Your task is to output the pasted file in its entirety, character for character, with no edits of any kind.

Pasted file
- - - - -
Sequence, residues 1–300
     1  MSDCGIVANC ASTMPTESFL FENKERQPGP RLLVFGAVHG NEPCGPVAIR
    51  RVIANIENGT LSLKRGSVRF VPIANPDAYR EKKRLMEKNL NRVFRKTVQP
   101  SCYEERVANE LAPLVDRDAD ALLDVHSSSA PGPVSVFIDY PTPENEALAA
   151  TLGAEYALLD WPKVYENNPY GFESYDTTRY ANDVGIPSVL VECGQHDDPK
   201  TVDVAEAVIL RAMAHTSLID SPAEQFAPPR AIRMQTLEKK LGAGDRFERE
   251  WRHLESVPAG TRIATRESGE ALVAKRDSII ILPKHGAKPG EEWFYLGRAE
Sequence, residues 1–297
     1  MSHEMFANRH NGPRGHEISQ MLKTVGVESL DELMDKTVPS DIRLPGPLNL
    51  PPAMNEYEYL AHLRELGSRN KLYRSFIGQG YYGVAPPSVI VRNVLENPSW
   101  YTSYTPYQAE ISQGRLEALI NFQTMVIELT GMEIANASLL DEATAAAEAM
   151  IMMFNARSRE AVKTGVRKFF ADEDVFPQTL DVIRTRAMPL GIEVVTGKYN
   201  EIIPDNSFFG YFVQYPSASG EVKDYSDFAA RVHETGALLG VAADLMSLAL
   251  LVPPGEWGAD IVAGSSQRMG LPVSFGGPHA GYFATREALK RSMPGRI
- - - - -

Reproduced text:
Sequence, residues 1–300
     1  MSDCGIVANC ASTMPTESFL FENKERQPGP RLLVFGAVHG NEPCGPVAIR
    51  RVIANIENGT LSLKRGSVRF VPIANPDAYR EKKRLMEKNL NRVFRKTVQP
   101  SCYEERVANE LAPLVDRDAD ALLDVHSSSA PGPVSVFIDY PTPENEALAA
   151  TLGAEYALLD WPKVYENNPY GFESYDTTRY ANDVGIPSVL VECGQHDDPK
   201  TVDVAEAVIL RAMAHTSLID SPAEQFAPPR AIRMQTLEKK LGAGDRFERE
   251  WRHLESVPAG TRIATRESGE ALVAKRDSII ILPKHGAKPG EEWFYLGRAE
Sequence, residues 1–297
     1  MSHEMFANRH NGPRGHEISQ MLKTVGVESL DELMDKTVPS DIRLPGPLNL
    51  PPAMNEYEYL AHLRELGSRN KLYRSFIGQG YYGVAPPSVI VRNVLENPSW
   101  YTSYTPYQAE ISQGRLEALI NFQTMVIELT GMEIANASLL DEATAAAEAM
   151  IMMFNARSRE AVKTGVRKFF ADEDVFPQTL DVIRTRAMPL GIEVVTGKYN
   201  EIIPDNSFFG YFVQYPSASG EVKDYSDFAA RVHETGALLG VAADLMSLAL
   251  LVPPGEWGAD IVAGSSQRMG LPVSFGGPHA GYFATREALK RSMPGRI